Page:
The tort litigation industry is seeing new battles emerge at the micro and macro level regarding the techniques and rules used on Wall Street, in tort trials, and by government to shift financial responsibility for payments for expenses arising from legitimate and illegitimate tort claimants. The battles are ongoing at both the micro and macro level, and will take years to resolve. Over time, billions and ultimately trillions of dollars are at stake when one considers direct and indirect payments, plus stock price changes, legal fees, and other associated costs and expenses of tort litigation and ancillary litigation. Posts over the next few weeks will present examples of the battles and their consequences. Throughout, one key is to look for whether, when and how one person/entity (or a group) are allowed to make deals that increase or decrease the risks and financial obligations for others involved in the same tort.

Today’s example is a micro battle being fought in Illinois in a case arising from falling scaffolding killing Mr. Ready during a construction project at a power plant. One issue is whether fault can be apportioned at trial against defendants that settled before trial. Why does that matter? Because the plaintiff and one or more defendants can and may agree to a settlement contract because the settlement monies paid 1) will give plaintiff some level of financial certainty and 2) will shift to the remaining defendants the risk and financial obligation for the plaintiff’s losses as determined at trial because the settlement, if approved, will by statute block the remaining defendants from suing the settling defendants for “contribution,” and may block the trial defendants from asking the jury to apportion a percentage of fault to the settling parties. Further, the settlement also may influence whether the remaining defendants can offer trial proof of the actions of the settled defendant even if even if the jury is not allowed to apportion a percentage of fault to the settled defendants.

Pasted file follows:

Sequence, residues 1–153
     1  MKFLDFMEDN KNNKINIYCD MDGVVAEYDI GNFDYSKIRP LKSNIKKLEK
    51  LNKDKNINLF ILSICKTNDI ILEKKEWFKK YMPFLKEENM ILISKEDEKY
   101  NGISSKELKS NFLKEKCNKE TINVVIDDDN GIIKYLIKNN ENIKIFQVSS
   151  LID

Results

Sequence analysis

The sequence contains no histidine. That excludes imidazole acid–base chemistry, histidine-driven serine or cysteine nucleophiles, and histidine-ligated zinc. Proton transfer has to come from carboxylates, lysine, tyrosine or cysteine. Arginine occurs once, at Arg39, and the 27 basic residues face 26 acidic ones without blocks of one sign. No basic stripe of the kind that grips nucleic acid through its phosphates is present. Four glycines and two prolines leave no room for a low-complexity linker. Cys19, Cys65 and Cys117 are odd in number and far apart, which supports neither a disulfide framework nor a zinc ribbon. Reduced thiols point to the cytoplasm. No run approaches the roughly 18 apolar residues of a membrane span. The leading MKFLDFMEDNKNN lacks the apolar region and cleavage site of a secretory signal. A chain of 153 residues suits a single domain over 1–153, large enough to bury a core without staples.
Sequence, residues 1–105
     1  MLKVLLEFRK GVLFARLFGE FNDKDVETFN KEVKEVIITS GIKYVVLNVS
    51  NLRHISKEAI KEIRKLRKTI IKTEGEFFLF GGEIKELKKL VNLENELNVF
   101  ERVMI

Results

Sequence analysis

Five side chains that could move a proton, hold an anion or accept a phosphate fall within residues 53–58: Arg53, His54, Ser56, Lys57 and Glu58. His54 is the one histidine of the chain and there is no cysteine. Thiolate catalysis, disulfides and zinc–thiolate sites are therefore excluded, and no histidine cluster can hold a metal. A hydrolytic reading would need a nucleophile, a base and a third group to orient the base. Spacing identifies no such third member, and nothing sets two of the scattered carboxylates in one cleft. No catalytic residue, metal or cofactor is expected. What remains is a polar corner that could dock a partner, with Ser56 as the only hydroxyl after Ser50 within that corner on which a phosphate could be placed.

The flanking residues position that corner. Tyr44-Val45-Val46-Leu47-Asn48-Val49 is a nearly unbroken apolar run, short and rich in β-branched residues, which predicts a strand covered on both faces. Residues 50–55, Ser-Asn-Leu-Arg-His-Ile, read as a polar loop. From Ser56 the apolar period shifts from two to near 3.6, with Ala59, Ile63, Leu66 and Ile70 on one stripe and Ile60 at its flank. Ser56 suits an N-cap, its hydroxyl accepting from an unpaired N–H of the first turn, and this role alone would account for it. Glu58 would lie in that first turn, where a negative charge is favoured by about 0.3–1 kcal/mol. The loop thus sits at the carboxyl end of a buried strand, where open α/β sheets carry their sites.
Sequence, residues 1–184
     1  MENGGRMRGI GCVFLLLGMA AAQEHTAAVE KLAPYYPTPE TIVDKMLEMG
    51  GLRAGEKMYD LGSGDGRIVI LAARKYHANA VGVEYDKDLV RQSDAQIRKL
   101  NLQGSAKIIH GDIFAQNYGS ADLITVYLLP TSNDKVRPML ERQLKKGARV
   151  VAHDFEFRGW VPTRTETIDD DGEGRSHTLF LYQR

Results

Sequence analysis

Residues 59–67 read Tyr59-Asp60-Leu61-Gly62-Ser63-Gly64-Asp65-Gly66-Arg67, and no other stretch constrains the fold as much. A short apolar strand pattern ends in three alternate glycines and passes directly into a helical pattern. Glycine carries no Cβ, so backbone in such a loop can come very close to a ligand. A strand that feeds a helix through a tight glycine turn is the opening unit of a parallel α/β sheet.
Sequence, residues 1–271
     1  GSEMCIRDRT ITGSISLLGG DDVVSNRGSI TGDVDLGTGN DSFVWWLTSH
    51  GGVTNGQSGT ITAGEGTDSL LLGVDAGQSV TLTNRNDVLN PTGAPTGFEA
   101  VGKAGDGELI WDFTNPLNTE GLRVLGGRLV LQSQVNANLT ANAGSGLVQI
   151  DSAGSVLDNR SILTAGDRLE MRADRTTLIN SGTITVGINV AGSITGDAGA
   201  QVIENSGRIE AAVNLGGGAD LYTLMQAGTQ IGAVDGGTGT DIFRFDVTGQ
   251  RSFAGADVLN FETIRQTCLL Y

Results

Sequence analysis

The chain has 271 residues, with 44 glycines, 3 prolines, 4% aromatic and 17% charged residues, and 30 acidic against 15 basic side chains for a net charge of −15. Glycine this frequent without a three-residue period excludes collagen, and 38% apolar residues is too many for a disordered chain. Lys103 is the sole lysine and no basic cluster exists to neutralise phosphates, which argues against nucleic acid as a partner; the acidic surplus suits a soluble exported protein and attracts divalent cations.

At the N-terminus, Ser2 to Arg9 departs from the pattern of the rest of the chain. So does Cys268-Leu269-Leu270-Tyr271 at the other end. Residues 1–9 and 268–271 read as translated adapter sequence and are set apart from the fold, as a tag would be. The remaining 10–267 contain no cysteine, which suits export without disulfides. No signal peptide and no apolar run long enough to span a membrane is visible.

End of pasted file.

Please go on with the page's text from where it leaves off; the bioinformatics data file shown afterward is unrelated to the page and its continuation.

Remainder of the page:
So, the most basic macro issue is whether and when this private settlement contract between three private parties will become the operative event that will enable the government (the courts) to take pre-existing claims and legal rights of the other defendants. In this instance, the defendants are Mr. Ready’s employer, the general contractor and a subcontractor. In teh case, the employer and the general contractor settled, leaving the subsontractor exposed to a trial, which it lost. And, of course, lurking in the background are the insurers for those entities. But, for the macro level, bear in mind that some companies are self-insured, and some companies were insured but that insurance is or may be gone because the insurer actually is insolvent or may be trying to run away from “incurred but not reported” losses (that is, future losses) by ceasing its business operations and/or invoking a dissolution process specific to insurers. And, the issues arise in the context of events during a trial held during a period of time for which a “tort reform statute was said to be applicable.

In short, the Illinois Supreme Court held, under the statute, that the jury could not apportion fault against the settled defendants. Thus, the private settlement was converted into a government enforced agreement with legal consequences for the remaining defendant, which had not objected to the settlement. Left open by the Supreme Court was whether the jury should have been allowed to hear evidence about the actions (or inaction) of the settled parties. On remand, the appellate court held that the trial court should have allowed the jury to hear evidence of the actions of the settled defendants. The case may now be headed back to the Supreme Court of Illinois.

The Illinois Supreme Court’s opinion from late 2008 is here (for now, but will move later when the opinion is archived.) Here is the June 30, 2009 opinion of the appellate court on remand. Here is a press article updating the case history, and explaining that the case is perhaps headed back to the Illinois Supreme Court. Here prior commentary by a large law law firm that represents corporate defendants.